It's a diverting environment to take in these empanadas, some half dozen each day, none of which were duplicated both times I've been in. Some are better than others, of course. I like none better than the simple version with refried beans and gooey melted cheese. The piquant chicken salsa verde bests the dull chicken mole, while the chunky egg-and-chorizo outperforms the dry egg-and-cheese. I've enjoyed plenty of the others: rajas, birria, spinach-ricotta, ropa vieja, and more. The pastry is consistently wonderful, tightly crimped, blistered, and flaky; it's light but sturdy, and more than capable of holding the sometimes dense fillings together.

Taco de pancita - MIKE SULA
  • Mike Sula
  • Taco de pancita

Tola 2 also features a remarkably diverse lineup of caffeinated beverages (cold brew, coconut iced coffee, spicy mocha, masala chai) and an expanded menu of tacos, tortas, burritos, and even a queso flameado, a kind of queso fundido doused with tequila and set ablaze. I'm still working my way through all of these delights, but I can say the torta al pastor—even though it's missing the requisite pineapple—is legit, carved right off the trompo, and the taco de pancita features a thick slab of pork belly smothered in beans and pickled cabbage that gives Big Star's taco de panza a run for its money.

Cafe Tola - MIKE SULA
  • Mike Sula
  • Cafe Tola

Cafe Tola Loncheria y Tacos, 3324 N. California, 773-293-6346

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Monday, December 5, 2016

The Tasting Room at Moody Tongue is all class

Posted By on 12.05.16 at 05:51 PM

  • Jordan Balderas

Moody Tongue Brewing's new tasting room in Pilsen isn't for everyone. It's not for those who prefer to watch TV or snack on fried foods while drinking a pint. In fact, it's not even for those who want to drink from a pint glass. Or from a tasting flight of small glasses. The beer is served in hand-blown Austrian goblets with stems so delicate they look liable to shatter if you sneeze too hard, and there are no flights. There are oysters, however—served by the dozen or half dozen—and gargantuan slices of 12-layer German chocolate cake. As far as food goes, that's it.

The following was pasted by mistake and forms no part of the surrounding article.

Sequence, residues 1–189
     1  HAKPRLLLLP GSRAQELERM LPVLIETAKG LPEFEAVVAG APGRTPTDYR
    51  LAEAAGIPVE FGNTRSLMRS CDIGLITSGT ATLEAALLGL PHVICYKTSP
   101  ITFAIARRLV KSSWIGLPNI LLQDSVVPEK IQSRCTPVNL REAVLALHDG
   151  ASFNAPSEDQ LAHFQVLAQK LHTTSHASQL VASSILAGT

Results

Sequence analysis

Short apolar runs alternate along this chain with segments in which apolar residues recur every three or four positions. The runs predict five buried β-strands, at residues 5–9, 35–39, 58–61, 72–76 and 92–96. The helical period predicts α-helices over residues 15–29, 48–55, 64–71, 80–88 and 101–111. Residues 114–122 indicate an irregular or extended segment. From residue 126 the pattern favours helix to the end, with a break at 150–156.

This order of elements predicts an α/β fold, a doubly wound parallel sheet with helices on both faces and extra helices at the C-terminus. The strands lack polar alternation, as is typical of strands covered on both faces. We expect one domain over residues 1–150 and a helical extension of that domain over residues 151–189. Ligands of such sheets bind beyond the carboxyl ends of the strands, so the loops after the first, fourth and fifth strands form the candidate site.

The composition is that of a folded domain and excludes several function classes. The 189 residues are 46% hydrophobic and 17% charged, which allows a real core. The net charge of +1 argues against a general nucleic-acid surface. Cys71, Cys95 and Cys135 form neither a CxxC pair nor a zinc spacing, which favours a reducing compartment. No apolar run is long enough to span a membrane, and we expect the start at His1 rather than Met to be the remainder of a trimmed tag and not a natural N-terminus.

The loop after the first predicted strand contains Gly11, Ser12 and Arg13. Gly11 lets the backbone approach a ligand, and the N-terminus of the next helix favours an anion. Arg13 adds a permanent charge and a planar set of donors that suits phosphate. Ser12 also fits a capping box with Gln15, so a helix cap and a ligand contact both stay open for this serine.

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Tuesday, November 29, 2016

The textural pleasures of shaved noodles at Chinatown’s Slurp Slurp

Posted By on 11.29.16 at 03:26 PM

Hand-shaved noodles with pork belly at Slurp Slurp - MIKE SULA
  • Mike Sula
  • Hand-shaved noodles with pork belly at Slurp Slurp

By now, the steeliest of us may by inured to Chinese-style hand-pulled noodles, aka lamian. The absorbing figure eight ballet of arms and dough in the production of tensile wheat soup noodles was, a few years back, a star attraction in Chinatown, where chefs did the dance in full view of their fans at places like Hing Kee and Sing's Noodle House. That's to say nothing of the central Asian variant, lagman, produced less visibly at places like Jibek Jolu and Lazzat (now Chayhana). Then the big boys started getting into it: Imperial Lamian and Duck Duck Goat, mainstreaming the art for the crowd that rarely eats outside of downtown or the Fulton Market district.

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Learn to make a matzo ball that will get you drunk

Posted By on 11.29.16 at 02:46 PM

"It was not a fun developmental process," Best Intentions bartender and co-owner Christopher Marty says of his experiments with matzo. Pito Rodriguez, a bartender at Sable Kitchen & Bar, had challenged him to create a cocktail with the unleavened bread traditionally eaten at Passover. "He just chose the first Jewish thing he could think of, I imagine," Marty says. "He's trolling me, obviously."